Why are we evaluating the models on data points with wrong annotation (bad quality) ?
This is KarimAmer's response
== What about the leaderbord test data ? At least testing has guaranteed correct annotation, right ?
-KarimAmer- The annotation process is the same for both train and test data.
== Thanks for clarifying, but is that the right evaluation ? I agree that we should utilize all kind of data points with different qualities in training, but one would expect testing to have good quality annotation, even for your own use, is a model that gives you the lowest MAE on a test set with (1-2-3) quality points usefull ? shouldn't your evaluation be according to accurately annotated data ?
-KarimAmer- Sorry for the late reply. We are evaluating on all the quality levels because all of them happen in real life and we are interested in solutions that address them.
== Thanks for responding, I still think that is a wrong reason to use all qualities for evaluation, it is this simple, yes all quality levels happen in real life, some of them (maybe 1/2) have mistakes, we won't throw those parts we would like to utilise that data to produce our models (in training), but the evaluation should be only on level 3 quality (you learn from all qualities but expect a good model to produce annotations as close to perfect/correct as possible. Please explain if I give you a model that is able to produce the same patterns of mistakes seen in training on the test set, how is that usefull to your use case ? how is that usefull in any case ?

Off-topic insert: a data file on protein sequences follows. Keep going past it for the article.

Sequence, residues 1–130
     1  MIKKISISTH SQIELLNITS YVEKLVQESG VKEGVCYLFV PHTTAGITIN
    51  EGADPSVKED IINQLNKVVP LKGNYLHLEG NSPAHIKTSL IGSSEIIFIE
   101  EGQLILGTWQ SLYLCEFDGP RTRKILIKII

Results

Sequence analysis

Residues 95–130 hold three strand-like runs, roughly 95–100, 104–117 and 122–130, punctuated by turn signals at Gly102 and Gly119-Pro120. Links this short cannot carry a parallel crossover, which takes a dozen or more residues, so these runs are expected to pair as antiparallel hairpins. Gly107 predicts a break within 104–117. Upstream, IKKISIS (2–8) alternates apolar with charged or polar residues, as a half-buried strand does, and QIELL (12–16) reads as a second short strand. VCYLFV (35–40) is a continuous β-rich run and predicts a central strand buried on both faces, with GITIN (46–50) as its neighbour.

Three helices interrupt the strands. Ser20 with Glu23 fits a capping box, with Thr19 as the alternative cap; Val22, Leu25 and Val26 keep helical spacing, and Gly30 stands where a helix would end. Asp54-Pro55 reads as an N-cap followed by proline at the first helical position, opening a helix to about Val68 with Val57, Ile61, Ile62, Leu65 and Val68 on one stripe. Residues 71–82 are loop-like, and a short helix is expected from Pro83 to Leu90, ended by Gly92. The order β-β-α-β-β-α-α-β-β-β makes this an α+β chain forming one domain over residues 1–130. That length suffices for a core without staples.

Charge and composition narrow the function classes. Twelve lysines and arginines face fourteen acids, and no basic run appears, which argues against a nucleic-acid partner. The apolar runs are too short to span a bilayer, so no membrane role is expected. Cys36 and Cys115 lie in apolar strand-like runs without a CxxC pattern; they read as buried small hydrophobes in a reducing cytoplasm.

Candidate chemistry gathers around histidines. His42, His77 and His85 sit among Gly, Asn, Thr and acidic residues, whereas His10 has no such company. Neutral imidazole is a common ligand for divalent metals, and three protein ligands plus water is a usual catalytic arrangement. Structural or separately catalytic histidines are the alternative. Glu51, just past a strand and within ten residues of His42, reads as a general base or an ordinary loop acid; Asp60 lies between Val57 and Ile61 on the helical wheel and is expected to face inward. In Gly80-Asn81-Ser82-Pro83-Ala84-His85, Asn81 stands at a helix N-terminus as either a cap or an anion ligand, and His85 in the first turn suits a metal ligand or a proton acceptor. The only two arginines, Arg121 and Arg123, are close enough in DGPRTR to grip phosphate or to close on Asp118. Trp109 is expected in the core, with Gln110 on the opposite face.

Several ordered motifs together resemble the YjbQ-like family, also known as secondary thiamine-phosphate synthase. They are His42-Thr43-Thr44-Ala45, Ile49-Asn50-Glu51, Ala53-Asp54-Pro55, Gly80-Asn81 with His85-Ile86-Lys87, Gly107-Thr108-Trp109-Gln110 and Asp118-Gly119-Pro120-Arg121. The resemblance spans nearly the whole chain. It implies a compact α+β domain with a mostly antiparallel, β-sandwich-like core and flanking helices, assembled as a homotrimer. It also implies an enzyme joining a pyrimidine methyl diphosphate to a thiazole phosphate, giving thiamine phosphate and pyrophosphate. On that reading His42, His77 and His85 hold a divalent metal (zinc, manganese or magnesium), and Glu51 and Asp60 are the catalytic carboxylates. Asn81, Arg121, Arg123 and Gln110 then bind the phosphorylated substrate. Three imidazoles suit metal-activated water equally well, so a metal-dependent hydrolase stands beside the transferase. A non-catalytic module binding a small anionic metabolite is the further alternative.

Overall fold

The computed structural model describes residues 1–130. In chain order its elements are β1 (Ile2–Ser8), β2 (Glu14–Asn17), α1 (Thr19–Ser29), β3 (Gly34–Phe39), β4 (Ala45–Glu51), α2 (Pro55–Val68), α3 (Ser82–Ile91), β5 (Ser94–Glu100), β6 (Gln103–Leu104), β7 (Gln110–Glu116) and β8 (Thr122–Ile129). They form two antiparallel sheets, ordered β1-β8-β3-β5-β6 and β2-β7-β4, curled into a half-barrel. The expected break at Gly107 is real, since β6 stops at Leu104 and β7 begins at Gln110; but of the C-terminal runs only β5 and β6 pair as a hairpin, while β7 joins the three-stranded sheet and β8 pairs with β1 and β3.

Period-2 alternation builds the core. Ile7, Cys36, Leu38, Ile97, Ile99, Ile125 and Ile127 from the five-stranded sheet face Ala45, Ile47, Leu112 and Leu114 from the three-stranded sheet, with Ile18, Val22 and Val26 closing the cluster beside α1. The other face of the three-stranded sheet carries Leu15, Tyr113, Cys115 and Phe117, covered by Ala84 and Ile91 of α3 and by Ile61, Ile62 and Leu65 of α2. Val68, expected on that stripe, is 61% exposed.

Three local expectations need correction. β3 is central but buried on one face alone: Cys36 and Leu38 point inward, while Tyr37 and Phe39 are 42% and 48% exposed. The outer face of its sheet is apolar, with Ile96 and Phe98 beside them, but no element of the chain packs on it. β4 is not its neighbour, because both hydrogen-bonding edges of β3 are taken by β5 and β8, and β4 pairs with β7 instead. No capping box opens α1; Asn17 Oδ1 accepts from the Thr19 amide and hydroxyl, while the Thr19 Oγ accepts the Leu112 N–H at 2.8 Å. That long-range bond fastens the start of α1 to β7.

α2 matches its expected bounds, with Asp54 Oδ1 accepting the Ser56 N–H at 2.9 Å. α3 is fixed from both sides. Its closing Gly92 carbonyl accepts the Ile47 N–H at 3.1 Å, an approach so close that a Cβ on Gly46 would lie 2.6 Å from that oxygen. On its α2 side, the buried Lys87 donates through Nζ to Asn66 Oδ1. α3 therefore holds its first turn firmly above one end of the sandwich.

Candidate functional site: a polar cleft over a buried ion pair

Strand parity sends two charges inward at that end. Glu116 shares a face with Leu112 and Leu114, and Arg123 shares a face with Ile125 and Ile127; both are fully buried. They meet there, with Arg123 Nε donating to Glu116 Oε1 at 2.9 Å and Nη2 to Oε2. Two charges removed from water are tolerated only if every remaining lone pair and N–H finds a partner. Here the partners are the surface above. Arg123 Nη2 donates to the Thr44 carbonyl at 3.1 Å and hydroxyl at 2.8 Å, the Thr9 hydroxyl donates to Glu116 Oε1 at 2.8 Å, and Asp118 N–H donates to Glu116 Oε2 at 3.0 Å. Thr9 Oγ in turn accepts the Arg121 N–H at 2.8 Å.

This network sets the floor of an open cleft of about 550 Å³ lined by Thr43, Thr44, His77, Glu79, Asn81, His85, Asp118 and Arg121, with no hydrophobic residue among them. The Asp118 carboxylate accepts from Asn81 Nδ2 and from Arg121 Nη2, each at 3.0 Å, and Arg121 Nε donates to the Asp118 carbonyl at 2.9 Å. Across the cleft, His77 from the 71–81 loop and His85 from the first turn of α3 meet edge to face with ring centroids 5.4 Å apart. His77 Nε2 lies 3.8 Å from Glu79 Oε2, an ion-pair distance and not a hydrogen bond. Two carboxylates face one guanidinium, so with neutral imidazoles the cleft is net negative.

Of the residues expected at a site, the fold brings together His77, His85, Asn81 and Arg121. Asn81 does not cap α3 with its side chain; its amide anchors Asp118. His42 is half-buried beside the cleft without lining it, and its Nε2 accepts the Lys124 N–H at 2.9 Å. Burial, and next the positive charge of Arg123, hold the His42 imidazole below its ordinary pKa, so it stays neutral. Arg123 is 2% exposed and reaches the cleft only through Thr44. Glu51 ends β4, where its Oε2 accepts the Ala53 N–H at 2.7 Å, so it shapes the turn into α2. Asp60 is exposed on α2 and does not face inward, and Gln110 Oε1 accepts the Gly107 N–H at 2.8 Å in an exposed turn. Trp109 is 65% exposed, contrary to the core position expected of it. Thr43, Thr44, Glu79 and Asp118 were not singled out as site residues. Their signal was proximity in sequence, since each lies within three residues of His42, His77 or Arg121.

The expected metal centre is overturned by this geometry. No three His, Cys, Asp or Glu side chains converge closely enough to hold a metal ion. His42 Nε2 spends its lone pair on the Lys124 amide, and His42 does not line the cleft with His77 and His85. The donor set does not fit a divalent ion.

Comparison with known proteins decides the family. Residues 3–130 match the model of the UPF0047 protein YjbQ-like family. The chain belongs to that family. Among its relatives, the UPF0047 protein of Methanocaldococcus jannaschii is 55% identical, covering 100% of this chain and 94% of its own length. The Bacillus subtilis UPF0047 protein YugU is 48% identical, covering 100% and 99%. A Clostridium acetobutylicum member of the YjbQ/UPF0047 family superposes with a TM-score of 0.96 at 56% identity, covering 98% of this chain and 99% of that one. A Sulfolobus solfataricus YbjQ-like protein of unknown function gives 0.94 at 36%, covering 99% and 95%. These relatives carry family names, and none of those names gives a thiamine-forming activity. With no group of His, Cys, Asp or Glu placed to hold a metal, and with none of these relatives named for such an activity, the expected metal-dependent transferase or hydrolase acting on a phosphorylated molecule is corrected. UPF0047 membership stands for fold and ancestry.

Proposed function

These samples aren't "wrong", they just have higher labeling noise (relative to others) and as I said before they are important to us and we want to have a model for them as well as the other samples. So, the answer to your last question is yes, it would be useful to have a model that match the expert human prediction as it is the upper cieling solution anyways.
Hi, thanks for taking the time
I wouldn't say this is noise
"The errors in the GPS coordinates are due to recording on the edges of the field rather than the center, or in the house which owns the farm, or under the shade of a nearby tree, or even on the main road leading to the farm."
And regarding this "as it is the upper cieling solution anyways", No the upper cieling are the correctly annotated points where the annotator is confident of the center point and isn't gessing from a nearby tree or the main road "and the annotator has to make a best guess based on size and proximity of the field. This is captured by the Quality variable in the data".
I raised an issue that I believe is important 3 weeks ago, which is using points that aren't even guaranteed to be within the plot limits for evaluation, But it's ok if you don't think it is a problem and in the end it's your evaluation
I think you misunderstood my point about the ceiling. I wasn't comparing high and low quality points. I meant that annotations made by the experts on all the points are the upper ceiling.
Let me highlight that expert annotators take into consedration several exciplict factors as described in the annotation guide post and also some implicit geographical and agricultural factors from their knowldge of the area of interest (like farmers behviours and economic satuation) which minimizes the annotation errors overall (compared to visual inspection only). These implicit factors come from our partner CGIAR's solid knowledge and vast experience of farmers in the area from which we have the data. If we have a model that captures the way the annotators work, it will be useful I beleive.
I hope this explanation gives you more confidence about the annotation process.
What I would like to do in the future (maybe in the next version of the competition) is to capture the model's prediction confidence. That will give more insights and better results but it will need more data (hopefully we can get it in the future!).